Official Android 8.0 Oreo updates halted for HTC 10 and Xiaomi Mi A1

With CES 2018 announcements in full swing, it was pretty easy to miss Google’s latest refresh of official Android distribution figures last week, where the software platform’s newest flavor jumped from a 0.5 percent share back in early December to 0.7.

That’s still a depressingly low number, considering Oreo is now almost five months old, and the blame has to be divided equally between Big G and the search giant’s many hardware-making partners.

Don’t just condemn slow OEMs either, as a buggy update can sometimes make users angrier than no update at all. We don’t know exactly what’s happening, or if there’s any connection between recent widespread issues, but way too many of the few Oreo updates floating around are hitting mysterious snags.

After delaying the Android 8.0 rollout for U11 units in Europe, HTC dropped another ball, this time stateside, starting and then quickly suspending the major OS promotion of the OG HTC 10.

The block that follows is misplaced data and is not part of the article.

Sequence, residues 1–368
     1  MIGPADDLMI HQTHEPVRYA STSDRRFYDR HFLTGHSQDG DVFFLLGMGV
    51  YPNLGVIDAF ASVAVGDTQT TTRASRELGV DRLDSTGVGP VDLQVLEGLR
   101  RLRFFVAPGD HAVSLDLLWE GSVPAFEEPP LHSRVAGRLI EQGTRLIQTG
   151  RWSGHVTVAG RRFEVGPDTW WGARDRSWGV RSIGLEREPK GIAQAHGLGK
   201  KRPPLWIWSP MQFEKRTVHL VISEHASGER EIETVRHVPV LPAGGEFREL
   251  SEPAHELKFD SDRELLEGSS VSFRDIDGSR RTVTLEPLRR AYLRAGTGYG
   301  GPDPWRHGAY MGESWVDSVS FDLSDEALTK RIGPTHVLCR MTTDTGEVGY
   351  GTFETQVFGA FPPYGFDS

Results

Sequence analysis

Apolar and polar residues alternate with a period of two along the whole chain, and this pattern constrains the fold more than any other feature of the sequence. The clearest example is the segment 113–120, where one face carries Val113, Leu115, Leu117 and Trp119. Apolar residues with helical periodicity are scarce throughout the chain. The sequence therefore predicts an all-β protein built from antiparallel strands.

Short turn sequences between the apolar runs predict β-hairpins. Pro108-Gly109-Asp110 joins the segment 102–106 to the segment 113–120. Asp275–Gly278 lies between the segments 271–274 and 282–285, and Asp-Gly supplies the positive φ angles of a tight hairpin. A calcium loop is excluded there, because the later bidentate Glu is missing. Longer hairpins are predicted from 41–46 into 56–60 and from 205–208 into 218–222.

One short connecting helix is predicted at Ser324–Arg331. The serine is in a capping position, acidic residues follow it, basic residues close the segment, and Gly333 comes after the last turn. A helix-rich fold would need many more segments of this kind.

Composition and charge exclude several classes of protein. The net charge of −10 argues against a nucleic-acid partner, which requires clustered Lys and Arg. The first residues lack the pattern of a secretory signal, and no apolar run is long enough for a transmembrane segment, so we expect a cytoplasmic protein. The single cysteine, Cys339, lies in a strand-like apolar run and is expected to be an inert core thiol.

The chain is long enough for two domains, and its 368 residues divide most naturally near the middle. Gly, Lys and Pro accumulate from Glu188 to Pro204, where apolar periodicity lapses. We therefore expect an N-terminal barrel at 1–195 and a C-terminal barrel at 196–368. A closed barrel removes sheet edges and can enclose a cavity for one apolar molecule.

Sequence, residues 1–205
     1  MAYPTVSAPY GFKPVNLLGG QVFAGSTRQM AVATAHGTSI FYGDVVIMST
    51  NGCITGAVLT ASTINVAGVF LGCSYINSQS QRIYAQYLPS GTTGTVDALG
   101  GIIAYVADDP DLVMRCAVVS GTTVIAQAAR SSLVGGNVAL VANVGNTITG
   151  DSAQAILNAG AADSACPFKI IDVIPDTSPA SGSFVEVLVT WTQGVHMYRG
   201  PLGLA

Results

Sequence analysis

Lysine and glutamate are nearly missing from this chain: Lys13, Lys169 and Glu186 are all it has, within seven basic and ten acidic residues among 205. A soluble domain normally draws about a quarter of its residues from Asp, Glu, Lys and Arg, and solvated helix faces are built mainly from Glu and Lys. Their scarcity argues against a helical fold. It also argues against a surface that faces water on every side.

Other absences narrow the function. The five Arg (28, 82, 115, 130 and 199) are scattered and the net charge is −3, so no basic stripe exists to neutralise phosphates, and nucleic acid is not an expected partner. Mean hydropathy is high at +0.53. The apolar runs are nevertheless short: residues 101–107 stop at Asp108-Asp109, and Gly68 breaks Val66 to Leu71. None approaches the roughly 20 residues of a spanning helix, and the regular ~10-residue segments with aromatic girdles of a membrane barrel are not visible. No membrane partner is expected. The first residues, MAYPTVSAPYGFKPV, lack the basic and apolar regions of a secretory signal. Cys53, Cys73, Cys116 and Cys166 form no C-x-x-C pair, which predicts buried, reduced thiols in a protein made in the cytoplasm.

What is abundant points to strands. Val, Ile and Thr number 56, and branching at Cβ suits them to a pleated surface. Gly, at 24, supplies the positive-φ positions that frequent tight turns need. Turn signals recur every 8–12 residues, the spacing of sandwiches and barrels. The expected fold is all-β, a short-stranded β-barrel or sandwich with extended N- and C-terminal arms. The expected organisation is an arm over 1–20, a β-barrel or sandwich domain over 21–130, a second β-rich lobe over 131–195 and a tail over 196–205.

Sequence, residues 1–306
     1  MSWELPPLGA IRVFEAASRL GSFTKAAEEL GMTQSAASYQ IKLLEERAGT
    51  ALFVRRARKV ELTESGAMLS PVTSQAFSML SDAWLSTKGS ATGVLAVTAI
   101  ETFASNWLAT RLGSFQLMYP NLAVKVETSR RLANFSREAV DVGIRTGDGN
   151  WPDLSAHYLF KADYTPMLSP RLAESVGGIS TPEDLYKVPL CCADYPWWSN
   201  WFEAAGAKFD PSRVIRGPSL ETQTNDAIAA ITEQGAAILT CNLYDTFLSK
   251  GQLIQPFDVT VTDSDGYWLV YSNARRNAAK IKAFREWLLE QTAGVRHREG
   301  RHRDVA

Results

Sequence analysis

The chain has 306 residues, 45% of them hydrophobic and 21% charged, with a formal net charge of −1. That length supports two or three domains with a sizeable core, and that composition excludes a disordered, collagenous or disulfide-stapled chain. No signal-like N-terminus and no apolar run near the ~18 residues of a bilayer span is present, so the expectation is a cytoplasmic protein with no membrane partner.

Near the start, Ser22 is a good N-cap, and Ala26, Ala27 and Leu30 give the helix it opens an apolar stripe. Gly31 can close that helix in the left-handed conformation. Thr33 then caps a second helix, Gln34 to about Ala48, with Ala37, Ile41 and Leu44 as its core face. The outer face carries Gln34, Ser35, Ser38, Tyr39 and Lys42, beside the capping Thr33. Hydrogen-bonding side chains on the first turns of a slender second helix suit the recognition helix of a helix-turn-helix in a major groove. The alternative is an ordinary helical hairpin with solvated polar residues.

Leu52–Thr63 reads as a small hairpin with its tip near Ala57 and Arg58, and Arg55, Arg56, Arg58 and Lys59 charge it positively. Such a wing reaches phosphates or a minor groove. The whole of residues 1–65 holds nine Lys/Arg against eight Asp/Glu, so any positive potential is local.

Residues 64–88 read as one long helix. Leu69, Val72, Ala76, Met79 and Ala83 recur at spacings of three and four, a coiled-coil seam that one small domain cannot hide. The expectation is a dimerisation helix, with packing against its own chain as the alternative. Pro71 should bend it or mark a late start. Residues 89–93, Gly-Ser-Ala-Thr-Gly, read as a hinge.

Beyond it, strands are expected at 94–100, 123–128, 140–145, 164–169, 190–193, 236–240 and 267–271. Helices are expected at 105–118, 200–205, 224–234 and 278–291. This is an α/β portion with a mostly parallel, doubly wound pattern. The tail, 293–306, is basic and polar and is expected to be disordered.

For what it’s worth, it seems as though over-the-air upgrades never commenced, with manual online downloads and installations no longer possible, as too many bugs were likely reported right off the bat.

Meanwhile, Xiaomi needed a little more time to realize the majority of Mi A1 owners was actually dissatisfied with the Oreo jump. After beta tests kicked off around a month ago, a gradual official update was underway right before the New Year, but unfortunately, unexpected battery depletion and many performance issues of various types offset all the new functionality and (theoretical) improvements.

It’s back to 7.1 Nougat for owners of the affordable Android One 5.5-incher for the time being, and if this instability continues, Oreo may not cross the one-percent share barrier next month either.

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About The Author
Adrian Diaconescu
Adrian has had an insatiable passion for writing since he was in school and found himself writing philosophical essays about the meaning of life and the differences between light and dark beer. Later, he realized this was pretty much his only marketable skill, so he first created a personal blog (in Romanian) and then discovered his true calling, which is writing about all things tech (in English).